Since the Apple watch was launched last year, there has been continuing debate about the impact this new wearable piece of technology might have on the watch market, and in particular, if it would pose a threat to traditional watches.
The launch of Apple's most elite version of the smartwatch, the Apple Watch Edition, with an eye-watering price tag of £13,500, has also stirred up debate as to whether this upmarket version could be viewed as a viable competitor to luxury timepiece brand, Rolex. So, what is the view from industry insiders and the public - is it justifiable to even mention the Apple watch and Rolex under the same breath, and should the luxury Swiss watch manufacturer be worried?
A survey by a dating site for millionaires recently questioned 1,400 of its members on whether they prefer an Apple watch or a Rolex. 80% of the women questioned said they would rather date a man wearing a Rolex, because it's the ultimate symbol of status and wealth. Whilst this particular piece of research might be hot off the press, the idea of a Rolex watch being a status symbol is, by no means, new.
Although the Apple Watch Edition and Rolex are both marketed towards those with lots of money, many experts believe that they are actually very different products altogether, and so it would be like comparing chalk and cheese. In fact, in a recent survey, only 15% of upmarket consumers regard the Apple watch as a potential substitute to a luxury timepiece, such as Rolex.
A Rolex watch is much more than a timepiece. For owners, it represents a type of jewellery, a status of wealth, an investment and even an exquisite item of art to be passed down from generation to generation. It's the craftsmanship and timelessness of a Rolex that, ultimately, defines it.
An Apple watch, on the other hand, is more like a wearable computer. Rather than being revered for its investment value or its ability to be perceived as a statement piece of jewellery, users are attracted by the technology and its functionality, and, of course, the fashionable status of the Apple brand. Apple watches are capable of performing many of the functions of an iphone, giving users tools and apps to organise their lives, remind them of events, and even monitor how much they eat or exercise. Experts argue the Apple watch is regarded as an accessory to the iphone, as opposed to its capabilities for timekeeping precision or its craftmanship.
Rather than being in competition with each other, the Rolex and Apple Watch Edition may, therefore, actually complement each other. A Rolex timepiece might be worn on the left hand, as a status symbol, whilst the Apple watch might be worn on the right hand, for its functionality values.
It's not just how a Rolex or Apple watch is perceived or used that sets them both apart from each other. A Rolex watch is individually and expertly handcrafted, using meticulous precision components and exacting manufacturing processes. The Apple watch, on the other hand, is mass-produced in China. Even the Apple Watch Edition, with its 18 karat gold case, is made with the same electrical components as the cheapest version of the smartwatch, retailing for around £250.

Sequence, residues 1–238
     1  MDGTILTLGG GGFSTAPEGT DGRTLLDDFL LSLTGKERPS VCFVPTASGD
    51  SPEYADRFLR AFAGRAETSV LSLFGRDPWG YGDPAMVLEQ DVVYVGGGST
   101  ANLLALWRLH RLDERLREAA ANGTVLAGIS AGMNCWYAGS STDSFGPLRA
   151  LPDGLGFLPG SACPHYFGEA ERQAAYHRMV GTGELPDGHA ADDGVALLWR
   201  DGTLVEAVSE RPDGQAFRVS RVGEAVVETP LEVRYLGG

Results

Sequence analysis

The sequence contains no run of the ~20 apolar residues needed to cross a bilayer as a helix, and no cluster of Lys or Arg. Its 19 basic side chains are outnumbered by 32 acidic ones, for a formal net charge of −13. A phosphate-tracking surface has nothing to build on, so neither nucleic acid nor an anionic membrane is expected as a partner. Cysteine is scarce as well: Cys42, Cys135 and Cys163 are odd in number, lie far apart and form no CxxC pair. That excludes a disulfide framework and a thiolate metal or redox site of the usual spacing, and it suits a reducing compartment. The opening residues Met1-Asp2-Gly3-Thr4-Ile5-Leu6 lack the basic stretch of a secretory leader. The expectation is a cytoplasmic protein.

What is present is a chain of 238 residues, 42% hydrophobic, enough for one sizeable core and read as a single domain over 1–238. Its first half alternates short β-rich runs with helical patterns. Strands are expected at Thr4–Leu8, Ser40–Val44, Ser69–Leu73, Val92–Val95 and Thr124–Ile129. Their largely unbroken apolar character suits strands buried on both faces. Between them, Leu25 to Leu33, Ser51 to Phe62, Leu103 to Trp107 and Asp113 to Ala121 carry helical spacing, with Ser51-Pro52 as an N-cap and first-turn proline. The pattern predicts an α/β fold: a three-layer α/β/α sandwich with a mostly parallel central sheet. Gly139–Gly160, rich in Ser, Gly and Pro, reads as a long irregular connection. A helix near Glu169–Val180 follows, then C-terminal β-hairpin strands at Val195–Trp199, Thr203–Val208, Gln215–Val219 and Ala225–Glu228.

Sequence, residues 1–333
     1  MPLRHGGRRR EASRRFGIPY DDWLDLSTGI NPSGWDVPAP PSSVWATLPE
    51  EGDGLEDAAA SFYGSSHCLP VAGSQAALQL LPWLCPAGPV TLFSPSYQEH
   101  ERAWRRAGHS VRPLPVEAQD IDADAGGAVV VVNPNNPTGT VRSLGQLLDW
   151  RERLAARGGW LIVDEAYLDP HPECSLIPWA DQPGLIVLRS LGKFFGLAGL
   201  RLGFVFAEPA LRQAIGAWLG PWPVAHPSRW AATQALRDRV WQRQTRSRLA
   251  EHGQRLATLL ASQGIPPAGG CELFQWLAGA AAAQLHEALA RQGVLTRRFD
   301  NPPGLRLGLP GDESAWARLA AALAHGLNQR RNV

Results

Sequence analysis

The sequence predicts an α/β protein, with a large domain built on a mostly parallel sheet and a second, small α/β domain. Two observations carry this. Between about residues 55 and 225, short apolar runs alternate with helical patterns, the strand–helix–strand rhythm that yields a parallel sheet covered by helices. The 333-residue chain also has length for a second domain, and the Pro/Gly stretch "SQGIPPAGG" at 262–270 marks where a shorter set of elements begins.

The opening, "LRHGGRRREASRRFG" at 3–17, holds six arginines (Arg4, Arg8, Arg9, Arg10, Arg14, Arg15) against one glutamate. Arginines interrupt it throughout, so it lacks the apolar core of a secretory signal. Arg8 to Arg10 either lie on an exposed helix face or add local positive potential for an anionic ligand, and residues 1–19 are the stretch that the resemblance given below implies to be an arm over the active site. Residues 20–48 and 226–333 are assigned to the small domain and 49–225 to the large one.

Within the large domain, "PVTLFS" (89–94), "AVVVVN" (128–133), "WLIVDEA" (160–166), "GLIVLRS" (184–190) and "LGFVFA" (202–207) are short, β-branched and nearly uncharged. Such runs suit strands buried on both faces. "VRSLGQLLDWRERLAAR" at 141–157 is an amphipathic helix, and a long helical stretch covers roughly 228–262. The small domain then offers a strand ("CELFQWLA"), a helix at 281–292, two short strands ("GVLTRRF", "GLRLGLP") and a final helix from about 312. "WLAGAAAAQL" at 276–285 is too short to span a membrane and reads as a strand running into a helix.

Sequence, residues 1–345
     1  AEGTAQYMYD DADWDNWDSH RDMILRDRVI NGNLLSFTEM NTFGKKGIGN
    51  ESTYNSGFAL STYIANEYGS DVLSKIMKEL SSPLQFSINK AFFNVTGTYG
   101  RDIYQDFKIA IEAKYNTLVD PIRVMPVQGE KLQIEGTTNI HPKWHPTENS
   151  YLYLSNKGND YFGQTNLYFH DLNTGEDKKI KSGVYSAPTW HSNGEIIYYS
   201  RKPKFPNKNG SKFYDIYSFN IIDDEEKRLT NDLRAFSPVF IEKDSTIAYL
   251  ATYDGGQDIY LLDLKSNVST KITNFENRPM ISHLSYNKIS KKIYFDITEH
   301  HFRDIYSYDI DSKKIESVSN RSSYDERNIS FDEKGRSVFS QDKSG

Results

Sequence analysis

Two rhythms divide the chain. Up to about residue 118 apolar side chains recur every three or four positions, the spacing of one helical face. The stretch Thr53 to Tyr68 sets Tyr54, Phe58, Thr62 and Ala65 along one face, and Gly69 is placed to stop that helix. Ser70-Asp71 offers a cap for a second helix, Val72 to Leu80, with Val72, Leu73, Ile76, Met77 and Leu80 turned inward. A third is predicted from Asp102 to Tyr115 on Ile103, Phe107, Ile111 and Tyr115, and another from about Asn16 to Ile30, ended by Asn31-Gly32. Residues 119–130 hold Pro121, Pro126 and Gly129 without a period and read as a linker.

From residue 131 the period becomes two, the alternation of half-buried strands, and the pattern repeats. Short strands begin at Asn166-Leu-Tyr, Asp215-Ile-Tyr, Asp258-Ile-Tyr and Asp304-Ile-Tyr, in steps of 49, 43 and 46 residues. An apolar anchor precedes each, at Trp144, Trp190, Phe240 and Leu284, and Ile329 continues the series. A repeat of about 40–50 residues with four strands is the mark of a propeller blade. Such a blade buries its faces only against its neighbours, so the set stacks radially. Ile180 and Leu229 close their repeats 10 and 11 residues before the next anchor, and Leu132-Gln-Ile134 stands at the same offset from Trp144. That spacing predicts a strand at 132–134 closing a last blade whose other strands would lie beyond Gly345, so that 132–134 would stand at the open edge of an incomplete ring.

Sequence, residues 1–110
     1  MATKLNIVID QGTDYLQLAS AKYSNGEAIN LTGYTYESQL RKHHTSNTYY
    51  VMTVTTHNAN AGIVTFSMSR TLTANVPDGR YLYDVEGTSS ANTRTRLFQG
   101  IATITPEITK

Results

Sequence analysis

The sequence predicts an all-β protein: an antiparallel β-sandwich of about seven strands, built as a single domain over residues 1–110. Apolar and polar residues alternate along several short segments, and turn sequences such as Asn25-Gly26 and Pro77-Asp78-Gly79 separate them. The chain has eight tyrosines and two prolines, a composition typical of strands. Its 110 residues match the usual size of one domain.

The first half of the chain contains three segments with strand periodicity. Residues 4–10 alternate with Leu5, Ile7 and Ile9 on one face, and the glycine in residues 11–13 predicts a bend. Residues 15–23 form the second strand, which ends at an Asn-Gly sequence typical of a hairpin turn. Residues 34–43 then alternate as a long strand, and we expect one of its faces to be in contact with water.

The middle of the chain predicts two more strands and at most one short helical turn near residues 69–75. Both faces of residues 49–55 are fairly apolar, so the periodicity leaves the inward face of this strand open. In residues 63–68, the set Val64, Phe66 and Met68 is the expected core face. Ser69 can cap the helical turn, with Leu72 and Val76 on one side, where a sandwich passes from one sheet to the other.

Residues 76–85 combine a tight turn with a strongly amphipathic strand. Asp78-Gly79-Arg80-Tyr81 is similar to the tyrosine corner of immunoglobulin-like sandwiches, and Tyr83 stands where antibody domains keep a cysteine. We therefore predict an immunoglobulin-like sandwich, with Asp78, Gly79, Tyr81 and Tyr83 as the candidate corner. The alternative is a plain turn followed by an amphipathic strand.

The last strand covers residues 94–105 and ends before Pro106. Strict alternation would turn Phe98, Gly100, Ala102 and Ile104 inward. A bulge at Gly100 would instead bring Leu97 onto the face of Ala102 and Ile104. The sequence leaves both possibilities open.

As well as being a mass-produced product, the Apple watch doesn't enjoy the same revered history as Rolex. With more than a century of existence under its belt, Rolex has firmly established itself over the decades as the ultimate exclusive brand. Although Apple enjoys a huge legion of followers, and is one of the most-respected names in technology, the immaturity of the smartwatch just can't match up to the wise old age of Rolex.
Amongst the chatter about whether Rolex and Apple are set to become rivals in the watch market, are views about how Apple will fare in terms of its investment value. There's no doubt that many people purchase a Rolex watch for its investment value, where it increases its worth as the years roll on. But can the same be true for an Apple watch? Will the Apple Watch Edition still hold or increase its value in 50 years time, in the same way that a Rolex watch can?
Experts are not sure that this is feasible. The technology behind a smartwatch means that it is being improved upon all the time with the latest releases, so older watches may quickly become out of date or obsolete. The technology in 50 years time may not even be compatible with the older versions of smartwatch, so this also casts a shadow of doubt over the investment worth of wearable technology.
Apple watch sales were strong in the first year of trading, and experts predict the brand could amass up to £5 billion in 2016, proving that there's a place for the smartwatch on our wrists. Whilst Rolex remains unfazed by the introduction of Apple's new breed of watches, other watch brands are remaining cautious. Horology experts even believe that some Swiss watch manufacturers may feel the impact of Apple's smartwatches in the marketplace, with brands such as Swatch likely to be the most vulnerable to the competition.
Other watch makers have decided to take the smartwatch revolution into their own hands, by teaming up with technology giants to produce their own versions. Tag Heuer has partnered up with Google and Intel to create a smartwatch, Cartier has unveiled a technology watch aimed at sporty types, Montblanc has released the TimeWalker Urban Speed e-Strap, whilst Mondaine, Breitling, Frederique Constant and Alpina have all unleashed watches that incorporate the latest smart technology.
The question is whether Rolex will follow suit. Although the luxury brand jumped on the bandwagon when the Quartz phenomenon shook up the watch market some years ago, it currently has no plans to produce its own smartwatch. Of course, time will tell.